Individuals with acquired cystic kidney disease (ACKD) in the setting of end-stage renal disease (ESRD) have a high risk of developing renal cell carcinoma (RCC). ACKD-RCC is considered a distinct renal neoplasm in the International Society of Urologic Pathologists (ISUP)-World Health Organization (WHO) classification of kidney tumors which may behave aggressively. Since its original description, there have been multiple case reports and series published; however, the pathogenesis of this neoplasm is uncertain and there is limited data on the genetic aberrations of this tumor. Herein, we present our experience with ESRD kidneys, with emphasis on ACKD-RCC, associated cysts, and the somatic mutation analysis of a subset of ACKD-RCCs using next-generation sequencing. Our data on 59 cases with ESRD that underwent nephrectomy, shows that ACKD-RCC represents more than half of the tumors (25/46; 54%) developing in ESRD, followed by papillary RCC (13; 28%). History of dialysis, male sex, and African American race were potential risk factors for developing ACKD-RCCs. Further, ACKD-RCC-like cysts are possible precursors of RCCs in the ACKD setting noted in 40 of 46 (87%) cases with tumors. Next-generation sequencing analysis revealed recurrent mutations in the KMT2C gene in 4 of 5 ACKD-RCCs (80%), exclusively exhibiting cribriform “sieve-like” morphology; whereas the case negative for KMT2C mutations exhibited “type 2” papillary RCC morphology and lacked “sieve-like” growth pattern. Pathogenic mutations in TSC2 were the second common abnormality (3/5; 60%), often coexisting with KMT2C mutations. Deleterious mutations in additional genes such as CBL, PDGFRA, and SYNE1, etc. were noted but were nonrecurrent and always coexisted with mutations in KMT2C or TSC2. To conclude, our study highlights that mutations in a chromatin-modifying gene KMT2C may potentially be oncogenic drivers for the development of ACKD-RCC with classic sieve-like morphology. In addition, pathogenic mutations in TSC2 possibly play a role in the development of cysts/tumors in a subset of ACKD patients. If corroborated in larger cohorts, these findings would be useful in planning surveillance and early intervention in ESRD patients developing ACKD.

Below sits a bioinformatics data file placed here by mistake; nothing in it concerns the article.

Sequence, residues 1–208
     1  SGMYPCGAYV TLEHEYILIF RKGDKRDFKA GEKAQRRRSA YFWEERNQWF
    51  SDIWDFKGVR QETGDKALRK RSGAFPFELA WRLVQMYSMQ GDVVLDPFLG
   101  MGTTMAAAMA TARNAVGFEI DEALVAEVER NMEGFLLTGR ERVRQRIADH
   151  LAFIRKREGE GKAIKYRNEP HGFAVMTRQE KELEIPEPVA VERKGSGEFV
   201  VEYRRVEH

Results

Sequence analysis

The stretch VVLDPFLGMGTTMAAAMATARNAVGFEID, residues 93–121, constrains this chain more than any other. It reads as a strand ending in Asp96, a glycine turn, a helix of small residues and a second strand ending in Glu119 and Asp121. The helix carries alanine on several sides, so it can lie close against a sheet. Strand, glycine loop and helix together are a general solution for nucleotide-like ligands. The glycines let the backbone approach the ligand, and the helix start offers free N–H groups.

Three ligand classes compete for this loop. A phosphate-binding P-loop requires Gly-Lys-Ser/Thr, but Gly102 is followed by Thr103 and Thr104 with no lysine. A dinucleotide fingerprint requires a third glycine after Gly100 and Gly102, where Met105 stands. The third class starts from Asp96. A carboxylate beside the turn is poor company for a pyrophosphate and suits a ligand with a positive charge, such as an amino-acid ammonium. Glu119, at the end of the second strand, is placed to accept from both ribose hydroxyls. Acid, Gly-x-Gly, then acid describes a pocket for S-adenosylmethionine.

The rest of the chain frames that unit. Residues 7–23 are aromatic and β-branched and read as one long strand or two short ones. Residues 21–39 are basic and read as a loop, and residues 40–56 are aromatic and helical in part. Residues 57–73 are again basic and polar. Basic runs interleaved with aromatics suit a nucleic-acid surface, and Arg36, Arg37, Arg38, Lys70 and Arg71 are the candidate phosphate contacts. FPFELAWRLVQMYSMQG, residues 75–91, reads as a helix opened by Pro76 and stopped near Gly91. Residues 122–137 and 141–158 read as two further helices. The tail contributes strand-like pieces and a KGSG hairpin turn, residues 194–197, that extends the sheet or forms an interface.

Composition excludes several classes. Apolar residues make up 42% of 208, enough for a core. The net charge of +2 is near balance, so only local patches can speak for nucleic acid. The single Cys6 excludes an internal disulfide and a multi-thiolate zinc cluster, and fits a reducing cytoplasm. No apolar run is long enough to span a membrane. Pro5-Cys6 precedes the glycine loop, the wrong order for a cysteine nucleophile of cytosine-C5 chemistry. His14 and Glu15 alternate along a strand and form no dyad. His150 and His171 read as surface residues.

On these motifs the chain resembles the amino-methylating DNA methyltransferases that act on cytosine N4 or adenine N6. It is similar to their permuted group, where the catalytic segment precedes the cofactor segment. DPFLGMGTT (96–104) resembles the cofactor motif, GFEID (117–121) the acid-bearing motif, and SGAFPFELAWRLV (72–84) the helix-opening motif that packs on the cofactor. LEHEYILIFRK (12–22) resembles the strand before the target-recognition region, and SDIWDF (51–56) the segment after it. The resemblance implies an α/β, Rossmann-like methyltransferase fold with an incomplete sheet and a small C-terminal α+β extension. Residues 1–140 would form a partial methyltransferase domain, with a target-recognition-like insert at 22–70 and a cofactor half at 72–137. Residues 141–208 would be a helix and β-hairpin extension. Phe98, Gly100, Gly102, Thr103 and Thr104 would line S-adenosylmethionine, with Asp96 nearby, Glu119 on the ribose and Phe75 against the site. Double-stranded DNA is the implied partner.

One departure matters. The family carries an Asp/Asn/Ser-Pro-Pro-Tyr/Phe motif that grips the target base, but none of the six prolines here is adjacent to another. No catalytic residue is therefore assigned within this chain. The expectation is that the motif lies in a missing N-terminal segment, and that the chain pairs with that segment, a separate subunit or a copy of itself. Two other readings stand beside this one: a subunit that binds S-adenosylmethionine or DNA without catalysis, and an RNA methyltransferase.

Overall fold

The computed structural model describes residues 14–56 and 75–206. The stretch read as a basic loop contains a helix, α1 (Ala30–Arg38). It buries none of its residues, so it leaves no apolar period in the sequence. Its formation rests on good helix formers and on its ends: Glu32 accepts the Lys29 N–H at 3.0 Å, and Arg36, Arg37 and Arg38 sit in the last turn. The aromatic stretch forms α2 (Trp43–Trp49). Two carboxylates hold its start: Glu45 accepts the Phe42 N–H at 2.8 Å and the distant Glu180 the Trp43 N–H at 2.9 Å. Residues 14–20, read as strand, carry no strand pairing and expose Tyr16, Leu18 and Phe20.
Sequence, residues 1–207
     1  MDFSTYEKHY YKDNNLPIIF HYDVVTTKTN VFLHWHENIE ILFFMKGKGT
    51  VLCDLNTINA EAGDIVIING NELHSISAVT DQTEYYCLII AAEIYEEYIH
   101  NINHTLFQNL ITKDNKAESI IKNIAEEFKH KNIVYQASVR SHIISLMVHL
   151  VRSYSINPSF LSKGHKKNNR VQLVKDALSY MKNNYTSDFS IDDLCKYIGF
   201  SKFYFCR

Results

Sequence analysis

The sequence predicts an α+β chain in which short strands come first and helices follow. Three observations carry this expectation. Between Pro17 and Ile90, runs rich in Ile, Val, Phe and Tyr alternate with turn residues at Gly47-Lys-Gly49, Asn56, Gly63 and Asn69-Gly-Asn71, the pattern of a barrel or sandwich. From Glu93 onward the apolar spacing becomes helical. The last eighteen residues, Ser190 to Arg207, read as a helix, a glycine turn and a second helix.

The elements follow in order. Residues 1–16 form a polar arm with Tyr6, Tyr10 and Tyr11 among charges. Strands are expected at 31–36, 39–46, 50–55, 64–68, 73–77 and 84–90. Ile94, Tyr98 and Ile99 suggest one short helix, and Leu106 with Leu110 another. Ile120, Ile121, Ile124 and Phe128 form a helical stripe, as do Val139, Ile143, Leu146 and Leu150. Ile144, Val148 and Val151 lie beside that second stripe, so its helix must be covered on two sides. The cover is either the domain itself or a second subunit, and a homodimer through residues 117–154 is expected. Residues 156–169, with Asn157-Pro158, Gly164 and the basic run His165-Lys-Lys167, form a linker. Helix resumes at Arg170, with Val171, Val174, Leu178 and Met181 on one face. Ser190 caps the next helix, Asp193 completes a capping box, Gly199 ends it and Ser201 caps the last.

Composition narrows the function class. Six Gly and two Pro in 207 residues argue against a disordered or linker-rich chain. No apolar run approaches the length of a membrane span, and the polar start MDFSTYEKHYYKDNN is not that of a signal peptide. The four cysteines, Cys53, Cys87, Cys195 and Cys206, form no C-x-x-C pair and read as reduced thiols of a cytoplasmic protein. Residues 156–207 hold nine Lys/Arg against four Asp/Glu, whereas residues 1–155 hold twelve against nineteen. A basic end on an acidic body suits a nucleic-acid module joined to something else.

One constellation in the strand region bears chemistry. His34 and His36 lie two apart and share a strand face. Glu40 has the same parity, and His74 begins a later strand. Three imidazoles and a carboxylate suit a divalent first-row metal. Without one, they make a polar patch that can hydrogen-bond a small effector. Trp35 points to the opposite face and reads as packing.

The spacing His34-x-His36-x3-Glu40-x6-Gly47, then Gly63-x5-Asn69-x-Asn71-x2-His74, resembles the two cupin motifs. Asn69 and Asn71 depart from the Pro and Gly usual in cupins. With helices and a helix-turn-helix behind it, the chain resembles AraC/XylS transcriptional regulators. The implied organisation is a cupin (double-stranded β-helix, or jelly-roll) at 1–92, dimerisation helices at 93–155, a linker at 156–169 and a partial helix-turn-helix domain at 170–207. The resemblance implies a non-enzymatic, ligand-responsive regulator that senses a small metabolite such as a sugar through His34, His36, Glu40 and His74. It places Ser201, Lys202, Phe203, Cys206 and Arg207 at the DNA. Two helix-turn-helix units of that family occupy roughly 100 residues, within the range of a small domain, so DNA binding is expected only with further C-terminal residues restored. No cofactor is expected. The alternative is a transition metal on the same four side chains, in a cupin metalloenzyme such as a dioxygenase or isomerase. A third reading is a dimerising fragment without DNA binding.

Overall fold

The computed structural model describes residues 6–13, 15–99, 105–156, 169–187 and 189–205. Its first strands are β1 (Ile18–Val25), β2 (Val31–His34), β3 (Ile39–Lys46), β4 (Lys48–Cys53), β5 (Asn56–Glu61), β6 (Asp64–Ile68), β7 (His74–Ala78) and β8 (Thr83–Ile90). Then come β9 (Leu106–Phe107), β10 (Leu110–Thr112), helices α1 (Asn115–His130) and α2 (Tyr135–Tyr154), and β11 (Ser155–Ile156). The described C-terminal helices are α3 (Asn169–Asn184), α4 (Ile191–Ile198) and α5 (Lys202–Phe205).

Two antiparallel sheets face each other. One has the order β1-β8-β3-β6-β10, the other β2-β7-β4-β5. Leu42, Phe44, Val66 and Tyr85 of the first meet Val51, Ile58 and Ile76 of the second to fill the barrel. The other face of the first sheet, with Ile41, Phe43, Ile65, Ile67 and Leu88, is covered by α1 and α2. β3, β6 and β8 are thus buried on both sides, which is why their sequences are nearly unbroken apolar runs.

About The Expert
Matthew B Palmer